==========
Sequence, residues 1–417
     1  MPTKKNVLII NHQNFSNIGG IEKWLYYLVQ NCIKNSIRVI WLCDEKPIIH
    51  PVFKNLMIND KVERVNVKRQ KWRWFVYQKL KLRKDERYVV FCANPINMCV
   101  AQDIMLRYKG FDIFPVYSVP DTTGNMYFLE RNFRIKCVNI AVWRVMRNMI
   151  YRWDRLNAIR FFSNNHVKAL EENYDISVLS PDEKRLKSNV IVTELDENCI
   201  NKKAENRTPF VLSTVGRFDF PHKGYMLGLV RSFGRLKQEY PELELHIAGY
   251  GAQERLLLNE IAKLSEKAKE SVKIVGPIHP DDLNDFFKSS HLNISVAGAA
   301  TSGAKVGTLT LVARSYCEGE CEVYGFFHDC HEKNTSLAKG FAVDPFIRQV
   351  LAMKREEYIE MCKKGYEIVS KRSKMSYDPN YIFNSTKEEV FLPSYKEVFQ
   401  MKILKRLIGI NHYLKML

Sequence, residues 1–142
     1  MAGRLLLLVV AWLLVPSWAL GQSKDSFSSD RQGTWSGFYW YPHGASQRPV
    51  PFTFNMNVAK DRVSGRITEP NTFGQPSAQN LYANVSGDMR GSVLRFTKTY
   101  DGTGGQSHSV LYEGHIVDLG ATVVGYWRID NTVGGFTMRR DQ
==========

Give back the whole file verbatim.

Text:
Sequence, residues 1–417
     1  MPTKKNVLII NHQNFSNIGG IEKWLYYLVQ NCIKNSIRVI WLCDEKPIIH
    51  PVFKNLMIND KVERVNVKRQ KWRWFVYQKL KLRKDERYVV FCANPINMCV
   101  AQDIMLRYKG FDIFPVYSVP DTTGNMYFLE RNFRIKCVNI AVWRVMRNMI
   151  YRWDRLNAIR FFSNNHVKAL EENYDISVLS PDEKRLKSNV IVTELDENCI
   201  NKKAENRTPF VLSTVGRFDF PHKGYMLGLV RSFGRLKQEY PELELHIAGY
   251  GAQERLLLNE IAKLSEKAKE SVKIVGPIHP DDLNDFFKSS HLNISVAGAA
   301  TSGAKVGTLT LVARSYCEGE CEVYGFFHDC HEKNTSLAKG FAVDPFIRQV
   351  LAMKREEYIE MCKKGYEIVS KRSKMSYDPN YIFNSTKEEV FLPSYKEVFQ
   401  MKILKRLIGI NHYLKML

Sequence, residues 1–142
     1  MAGRLLLLVV AWLLVPSWAL GQSKDSFSSD RQGTWSGFYW YPHGASQRPV
    51  PFTFNMNVAK DRVSGRITEP NTFGQPSAQN LYANVSGDMR GSVLRFTKTY
   101  DGTGGQSHSV LYEGHIVDLG ATVVGYWRID NTVGGFTMRR DQ